There are around 15 million native Turkish speakers in Southeast Europe and 65 million native speakers in Western Asia. This language is spoken by small groups of ethnic Turks in Iraq, Greece, Bulgaria, the Republic of Macedonia, Kosovo, Albania and some other regions of Eastern Europe.
Before 1928, Turkish was written using a specific form of Arabic writing. In order to modernise Turkey, the administration adopted an adapted form of the Latin alphabet in the 20th century to replace the Arabic writing.
Turkish words have “vowel harmony” and this is true of other Turkic languages as well, but Turkish is the most common of these languages in terms of number of native speakers. There are eight vowels in Turkish, classified based on where they are formed in the mouth (front or back) and other factors as well. Vowel harmony is the concept that a word native to Turkish must have either all back vowels or all front vowels, with exceptions.
- One of the most distinct characteristics of Turkish is the agglutinative nature of the language. In Turkish, you can say a lot with just a few words. One word can have many affixes, endings or suffixes, and these can also be used to create new words.
- Some Turkish words made it into English, such as divan, kayak, kebab, kiosk, pilaf and yoghurt.
- The Turkish alphabet has 29 letters. Turkish has 8 vowels (“a, e, ı, i, o, ö, u, ü”) and it does not contain the letters W, X or Q. However, Turkish has 3 extra consonants: Ç, Ğ, Ş. It is a phonetic language, so if you learn to pronounce the alphabet, you will be able to read Turkish right away.
- Turkey has one of the world’s oldest and biggest malls, made up of a warren of 61 streets lined by more than 3,000 shops and currently occupying an incomprehensible 333,000 square feet.
- Turkey’s 10,000 plant and 80,000 animal species help rank the country among the world’s 35 biodiversity hotspots. Twitchers can visit more than half a dozen bird sanctuaries for sightings of some of the country’s 475 species, or 5% of the global variety. It’s a great place for flower lovers too.
Turkey has a domestic consumer market of 80 million people and benefits for UK businesses exporting to Turkey include the increasing use of English for business, a six-day average to start a business and the youngest and fastest-growing population in Europe (700,000 graduates per year).
It has European business ethics and modern management practices, a large consumer base with a growing middle class, new initiatives to meet EU standards making it a more familiar business environment and not forgetting that Turkey is the gateway to the markets of Central Asia, South Caucasus and the Middle East.
The bulk of Turkey’s economy is made up of a diversified services sector including real estate, tourism, financial services, education and health. It is worth noting however that the Turkish Government is trying to decrease Turkey’s import dependency in its growth and export structure while increasing its capabilities to become an exporter of high-technology products.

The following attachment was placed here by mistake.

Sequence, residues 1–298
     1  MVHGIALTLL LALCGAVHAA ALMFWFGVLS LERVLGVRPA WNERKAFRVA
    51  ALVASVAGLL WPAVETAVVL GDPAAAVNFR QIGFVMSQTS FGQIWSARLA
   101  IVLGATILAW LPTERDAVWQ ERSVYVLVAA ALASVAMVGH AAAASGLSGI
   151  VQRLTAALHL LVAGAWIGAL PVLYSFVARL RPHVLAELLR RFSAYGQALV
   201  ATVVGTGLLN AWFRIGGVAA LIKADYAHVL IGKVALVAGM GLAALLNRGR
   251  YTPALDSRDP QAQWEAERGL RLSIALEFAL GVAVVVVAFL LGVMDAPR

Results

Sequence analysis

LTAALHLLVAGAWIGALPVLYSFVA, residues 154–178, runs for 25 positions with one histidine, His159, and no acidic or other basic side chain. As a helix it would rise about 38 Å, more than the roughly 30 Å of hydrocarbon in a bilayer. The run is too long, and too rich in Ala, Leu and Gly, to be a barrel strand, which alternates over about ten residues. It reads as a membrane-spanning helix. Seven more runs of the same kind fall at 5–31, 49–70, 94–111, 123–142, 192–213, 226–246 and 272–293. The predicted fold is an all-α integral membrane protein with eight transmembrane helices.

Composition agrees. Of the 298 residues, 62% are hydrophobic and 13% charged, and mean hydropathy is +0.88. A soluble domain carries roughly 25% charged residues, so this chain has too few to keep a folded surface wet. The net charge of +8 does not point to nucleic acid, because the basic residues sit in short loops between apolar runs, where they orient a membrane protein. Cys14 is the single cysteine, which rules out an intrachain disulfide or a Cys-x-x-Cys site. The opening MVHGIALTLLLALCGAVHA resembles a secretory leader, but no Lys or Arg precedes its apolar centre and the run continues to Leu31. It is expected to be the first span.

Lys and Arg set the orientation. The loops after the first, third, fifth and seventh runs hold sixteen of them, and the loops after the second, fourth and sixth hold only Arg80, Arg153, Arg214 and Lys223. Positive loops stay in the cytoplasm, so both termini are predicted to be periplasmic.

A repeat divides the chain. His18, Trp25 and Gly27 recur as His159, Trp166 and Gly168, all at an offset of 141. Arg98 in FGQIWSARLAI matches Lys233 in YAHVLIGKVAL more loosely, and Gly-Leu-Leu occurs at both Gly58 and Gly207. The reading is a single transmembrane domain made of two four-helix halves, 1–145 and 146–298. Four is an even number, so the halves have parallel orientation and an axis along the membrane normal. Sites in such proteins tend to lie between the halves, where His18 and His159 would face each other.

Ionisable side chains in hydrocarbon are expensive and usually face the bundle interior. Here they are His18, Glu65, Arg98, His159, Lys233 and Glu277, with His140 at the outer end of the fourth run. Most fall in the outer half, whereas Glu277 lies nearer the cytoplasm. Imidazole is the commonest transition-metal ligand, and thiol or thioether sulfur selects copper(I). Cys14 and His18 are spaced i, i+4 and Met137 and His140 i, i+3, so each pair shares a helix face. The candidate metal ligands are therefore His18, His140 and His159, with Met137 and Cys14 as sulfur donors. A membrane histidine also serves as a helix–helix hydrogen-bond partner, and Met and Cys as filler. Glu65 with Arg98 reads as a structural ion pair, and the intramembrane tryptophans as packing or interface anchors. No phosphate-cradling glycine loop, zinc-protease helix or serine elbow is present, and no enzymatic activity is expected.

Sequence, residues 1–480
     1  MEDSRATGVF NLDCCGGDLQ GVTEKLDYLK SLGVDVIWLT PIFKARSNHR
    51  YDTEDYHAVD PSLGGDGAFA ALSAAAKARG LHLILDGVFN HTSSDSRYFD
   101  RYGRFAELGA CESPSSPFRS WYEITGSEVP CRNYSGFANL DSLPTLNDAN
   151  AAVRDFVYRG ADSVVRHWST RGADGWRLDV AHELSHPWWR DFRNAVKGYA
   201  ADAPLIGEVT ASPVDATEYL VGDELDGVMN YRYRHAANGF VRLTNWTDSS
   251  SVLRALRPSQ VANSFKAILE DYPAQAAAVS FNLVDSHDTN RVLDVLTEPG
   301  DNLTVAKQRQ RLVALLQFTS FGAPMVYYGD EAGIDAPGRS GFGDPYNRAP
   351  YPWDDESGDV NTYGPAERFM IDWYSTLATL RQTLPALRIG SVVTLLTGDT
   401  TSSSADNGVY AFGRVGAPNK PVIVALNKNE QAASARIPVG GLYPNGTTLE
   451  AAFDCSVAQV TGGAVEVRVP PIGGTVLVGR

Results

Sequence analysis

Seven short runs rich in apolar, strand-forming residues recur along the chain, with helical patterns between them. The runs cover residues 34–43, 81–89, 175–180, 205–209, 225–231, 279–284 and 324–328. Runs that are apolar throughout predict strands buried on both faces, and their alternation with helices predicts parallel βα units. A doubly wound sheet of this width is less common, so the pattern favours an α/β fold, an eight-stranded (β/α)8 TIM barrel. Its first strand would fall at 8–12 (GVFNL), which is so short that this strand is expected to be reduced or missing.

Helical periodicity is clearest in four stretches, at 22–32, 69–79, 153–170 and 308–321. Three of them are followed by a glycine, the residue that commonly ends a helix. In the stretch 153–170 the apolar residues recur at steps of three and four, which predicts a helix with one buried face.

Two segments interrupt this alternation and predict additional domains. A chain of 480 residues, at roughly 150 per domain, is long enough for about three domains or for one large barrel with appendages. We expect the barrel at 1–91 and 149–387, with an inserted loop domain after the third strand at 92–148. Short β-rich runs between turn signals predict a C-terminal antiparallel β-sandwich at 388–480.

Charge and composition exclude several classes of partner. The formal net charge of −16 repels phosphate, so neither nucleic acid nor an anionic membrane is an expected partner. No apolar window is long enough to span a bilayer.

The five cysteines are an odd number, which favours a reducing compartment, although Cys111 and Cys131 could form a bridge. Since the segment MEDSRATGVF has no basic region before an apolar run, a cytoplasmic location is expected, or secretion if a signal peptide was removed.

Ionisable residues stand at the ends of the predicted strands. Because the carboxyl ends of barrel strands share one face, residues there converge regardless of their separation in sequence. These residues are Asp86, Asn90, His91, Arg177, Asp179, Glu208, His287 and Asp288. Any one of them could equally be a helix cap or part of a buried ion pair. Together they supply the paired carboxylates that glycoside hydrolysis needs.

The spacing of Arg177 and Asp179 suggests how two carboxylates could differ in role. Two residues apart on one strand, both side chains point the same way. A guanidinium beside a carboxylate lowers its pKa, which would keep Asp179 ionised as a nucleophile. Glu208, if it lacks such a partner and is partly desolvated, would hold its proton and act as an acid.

Many Turks are devout or conservative Muslims, so you should adhere to local dress codes when you are away from resorts and when visiting mosques. Acceptable dress code depends on which part of the country you are visiting or which part of a city you are in. Overall though, Turkey is conservative concerning dress.
Turks employ a variety of unobvious body language. Clicking the tongue against the roof of the mouth and simultaneously raising the eyebrows and chin means “no” or “there isn’t any” and those who are economical with movement will rely on their eyebrows alone. By contrast, wagging the head rapidly from side to side means “Explain, I don’t understand”, while a single, obliquely inclined nod means “yes”.
There are many family-run businesses in Turkey, although there are many big multinationals where a more corporate culture is visible. Turks want to do business with those they are keen on, trust, feel comfortable with and can provide a long-term relationship. If they sense that you are hiding something, you will most likely be rejected.
Business tip: At the start of the meeting, it is expected for you to greet your Turkish counterpart with a firm handshake. However, for the Turkish women, men should wait for the woman to offer her hand first.
Here are some basic greetings and phrases to familiarise yourself with:
|Thank you||Teşekkür ederim|
We have worked extensively in the technology & engineering sector in Turkish, most specifically on websites and technical white papers for our client Zettlex. They are a position sensor manufacturer for extreme environments so a high level of technical accuracy is required.